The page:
“By the end of her junior year she had lost 50 lbs, all her hair and had suffered a left shoulder separation,” Wilkinson said. “She wrote a letter discussing her journey and ended it in capital letters; ‘LOOK AT MY ABUNDANCE.’ She had ideas about sportsmanship that I didn’t think were possible.”
Karen Gibbs died the summer before her senior year in 1977, but her story resounds with all those involved in Gustavus Tennis. “That year was the first summer of Tennis and Life Camps,” Wilkinson said. “She is the inspirational story for people attending TLC.”

Gibbs’ name can be found on a dormitory, a tennis court, a sculpture and many other campus locations. Her story has been commemorated to embody the values of sportsmanship, and Wilkinson has spent a lifetime perfecting and teaching it.

Although his health remains a continuous threat, Wilkinson’s involvement in Gustavus Tennis and TLC will continue forever. The winning tradition of Men’s Tennis has been passed along to Valentini, and Tennis and Life has been entrusted to Hagberg. The legacy of Steve Wilkinson and the ideas of sportsmanship will be eternally preserved.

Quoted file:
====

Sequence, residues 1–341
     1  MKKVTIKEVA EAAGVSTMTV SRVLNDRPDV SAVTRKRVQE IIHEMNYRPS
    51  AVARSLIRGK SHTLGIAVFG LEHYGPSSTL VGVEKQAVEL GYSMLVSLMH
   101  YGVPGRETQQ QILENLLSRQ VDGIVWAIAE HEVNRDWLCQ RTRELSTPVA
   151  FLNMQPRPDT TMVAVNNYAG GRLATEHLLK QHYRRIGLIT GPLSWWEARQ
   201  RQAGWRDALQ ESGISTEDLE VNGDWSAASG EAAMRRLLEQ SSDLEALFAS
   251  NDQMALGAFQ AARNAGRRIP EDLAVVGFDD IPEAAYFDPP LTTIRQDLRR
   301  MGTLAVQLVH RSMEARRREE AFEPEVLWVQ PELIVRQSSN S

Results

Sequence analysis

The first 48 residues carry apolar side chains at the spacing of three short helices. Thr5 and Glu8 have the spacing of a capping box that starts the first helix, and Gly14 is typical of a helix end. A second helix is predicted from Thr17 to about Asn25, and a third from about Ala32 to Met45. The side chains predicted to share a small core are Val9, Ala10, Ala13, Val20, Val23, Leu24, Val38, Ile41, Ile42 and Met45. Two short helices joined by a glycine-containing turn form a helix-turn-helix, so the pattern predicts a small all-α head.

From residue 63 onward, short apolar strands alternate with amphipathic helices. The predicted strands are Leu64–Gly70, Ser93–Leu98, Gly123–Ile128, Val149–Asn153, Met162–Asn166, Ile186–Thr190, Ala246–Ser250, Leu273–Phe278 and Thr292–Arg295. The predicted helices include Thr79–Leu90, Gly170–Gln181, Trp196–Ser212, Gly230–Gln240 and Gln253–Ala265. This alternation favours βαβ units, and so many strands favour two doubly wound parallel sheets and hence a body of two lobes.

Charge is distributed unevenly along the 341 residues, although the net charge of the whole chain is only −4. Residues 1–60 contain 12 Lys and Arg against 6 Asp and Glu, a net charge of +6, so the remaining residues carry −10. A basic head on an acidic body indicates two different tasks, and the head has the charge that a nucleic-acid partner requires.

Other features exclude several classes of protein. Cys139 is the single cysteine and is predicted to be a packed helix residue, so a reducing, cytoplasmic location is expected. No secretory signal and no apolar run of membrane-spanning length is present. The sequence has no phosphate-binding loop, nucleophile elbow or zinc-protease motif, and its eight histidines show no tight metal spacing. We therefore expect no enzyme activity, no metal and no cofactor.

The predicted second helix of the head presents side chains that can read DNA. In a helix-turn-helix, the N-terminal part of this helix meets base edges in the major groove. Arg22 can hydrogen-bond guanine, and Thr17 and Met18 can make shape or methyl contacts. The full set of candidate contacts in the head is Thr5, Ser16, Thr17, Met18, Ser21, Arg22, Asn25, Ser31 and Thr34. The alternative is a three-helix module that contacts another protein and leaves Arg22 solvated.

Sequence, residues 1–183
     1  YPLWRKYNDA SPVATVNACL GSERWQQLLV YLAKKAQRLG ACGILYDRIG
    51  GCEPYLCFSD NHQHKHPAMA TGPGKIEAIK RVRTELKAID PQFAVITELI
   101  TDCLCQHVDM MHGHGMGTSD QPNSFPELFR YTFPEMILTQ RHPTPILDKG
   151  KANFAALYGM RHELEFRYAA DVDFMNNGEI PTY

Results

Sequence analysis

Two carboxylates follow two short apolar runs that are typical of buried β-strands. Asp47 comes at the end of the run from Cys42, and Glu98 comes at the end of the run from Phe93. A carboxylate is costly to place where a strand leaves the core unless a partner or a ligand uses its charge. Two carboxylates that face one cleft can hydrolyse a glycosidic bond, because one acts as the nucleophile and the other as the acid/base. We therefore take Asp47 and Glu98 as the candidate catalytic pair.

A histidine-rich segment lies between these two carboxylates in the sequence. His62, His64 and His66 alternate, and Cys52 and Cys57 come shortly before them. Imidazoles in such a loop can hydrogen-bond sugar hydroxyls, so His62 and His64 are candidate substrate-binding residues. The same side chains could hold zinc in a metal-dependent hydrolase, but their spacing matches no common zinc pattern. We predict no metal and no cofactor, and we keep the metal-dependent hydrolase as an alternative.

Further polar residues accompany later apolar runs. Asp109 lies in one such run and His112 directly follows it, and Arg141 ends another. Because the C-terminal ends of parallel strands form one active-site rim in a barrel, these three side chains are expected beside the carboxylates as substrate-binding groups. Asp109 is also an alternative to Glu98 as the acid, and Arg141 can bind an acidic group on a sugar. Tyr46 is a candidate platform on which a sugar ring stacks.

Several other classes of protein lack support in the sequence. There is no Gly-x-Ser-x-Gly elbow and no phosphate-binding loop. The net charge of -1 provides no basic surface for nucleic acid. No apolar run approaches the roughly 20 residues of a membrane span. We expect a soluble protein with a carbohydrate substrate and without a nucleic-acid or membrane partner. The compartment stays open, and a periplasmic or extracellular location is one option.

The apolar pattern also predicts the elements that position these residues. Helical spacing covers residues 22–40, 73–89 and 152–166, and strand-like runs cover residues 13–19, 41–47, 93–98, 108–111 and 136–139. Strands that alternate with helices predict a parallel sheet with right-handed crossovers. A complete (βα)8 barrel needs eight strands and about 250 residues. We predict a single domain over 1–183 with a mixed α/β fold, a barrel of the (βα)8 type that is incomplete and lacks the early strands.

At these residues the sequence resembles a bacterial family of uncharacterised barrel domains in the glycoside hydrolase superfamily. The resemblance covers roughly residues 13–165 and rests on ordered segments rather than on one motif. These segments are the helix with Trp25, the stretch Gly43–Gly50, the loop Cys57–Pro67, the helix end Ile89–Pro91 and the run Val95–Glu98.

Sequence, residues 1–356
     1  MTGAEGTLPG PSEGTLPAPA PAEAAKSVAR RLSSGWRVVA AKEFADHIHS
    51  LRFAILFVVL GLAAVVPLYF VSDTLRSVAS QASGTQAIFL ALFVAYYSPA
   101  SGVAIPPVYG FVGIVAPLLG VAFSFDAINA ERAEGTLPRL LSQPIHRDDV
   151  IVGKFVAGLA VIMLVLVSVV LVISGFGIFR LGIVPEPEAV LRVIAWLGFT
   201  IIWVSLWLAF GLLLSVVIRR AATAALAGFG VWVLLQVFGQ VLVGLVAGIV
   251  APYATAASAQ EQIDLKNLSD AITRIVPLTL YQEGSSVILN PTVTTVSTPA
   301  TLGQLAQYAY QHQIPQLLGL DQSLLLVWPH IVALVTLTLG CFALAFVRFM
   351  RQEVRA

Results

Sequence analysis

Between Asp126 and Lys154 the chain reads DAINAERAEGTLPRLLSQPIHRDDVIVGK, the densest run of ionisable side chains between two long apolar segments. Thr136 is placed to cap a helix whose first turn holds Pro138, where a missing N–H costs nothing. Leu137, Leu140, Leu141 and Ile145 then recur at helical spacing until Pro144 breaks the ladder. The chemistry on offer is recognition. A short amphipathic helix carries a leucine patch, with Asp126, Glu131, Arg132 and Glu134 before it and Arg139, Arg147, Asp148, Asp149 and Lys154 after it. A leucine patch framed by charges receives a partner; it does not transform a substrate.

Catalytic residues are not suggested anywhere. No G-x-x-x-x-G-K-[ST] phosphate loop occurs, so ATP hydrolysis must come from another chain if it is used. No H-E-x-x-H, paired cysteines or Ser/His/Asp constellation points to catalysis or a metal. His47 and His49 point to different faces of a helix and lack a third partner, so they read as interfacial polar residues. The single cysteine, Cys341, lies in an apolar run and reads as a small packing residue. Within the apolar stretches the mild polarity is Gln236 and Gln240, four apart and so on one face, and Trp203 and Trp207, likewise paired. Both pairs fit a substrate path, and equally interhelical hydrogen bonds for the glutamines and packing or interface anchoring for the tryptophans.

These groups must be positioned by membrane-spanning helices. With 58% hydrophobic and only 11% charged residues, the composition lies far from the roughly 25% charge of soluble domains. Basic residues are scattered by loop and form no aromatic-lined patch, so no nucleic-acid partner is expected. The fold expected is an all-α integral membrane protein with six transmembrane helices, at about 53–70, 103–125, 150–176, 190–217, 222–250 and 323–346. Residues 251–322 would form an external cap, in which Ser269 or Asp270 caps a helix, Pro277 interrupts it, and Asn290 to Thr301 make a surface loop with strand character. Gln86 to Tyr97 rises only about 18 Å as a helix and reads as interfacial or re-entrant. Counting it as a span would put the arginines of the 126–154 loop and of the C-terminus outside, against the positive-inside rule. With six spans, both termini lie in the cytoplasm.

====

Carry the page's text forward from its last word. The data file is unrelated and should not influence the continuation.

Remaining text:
“I always told Steve that he would be 100 and I’ll be 80 and we’ll retire together,” Hagberg said. “That was my dream.” It is clear that the dream for all those that know and love Steve Wilkinson is that the three crowns live forever.

4 Comments

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  1. Alex Legeros says:

    I’d like to make recognized that the bronze sculpture associated with coach Wilkinson is not a work done by Paul Granlund (class of ’52 and Gustavus’ artist in residence from 1971-1996.) The sculpture was created by Nick Legeros (class of ’77, student of Paul Granlund, and my father). Nick Legeros deserves credit and correct attribution of his work.

    It also should be noted that Paul Granlund passed away in fall of 2003, so the fact that the work was done in 2004 (noted correctly as such within the article) should have thrown up some kind of red flag to the author and editorial staff at the Weekly.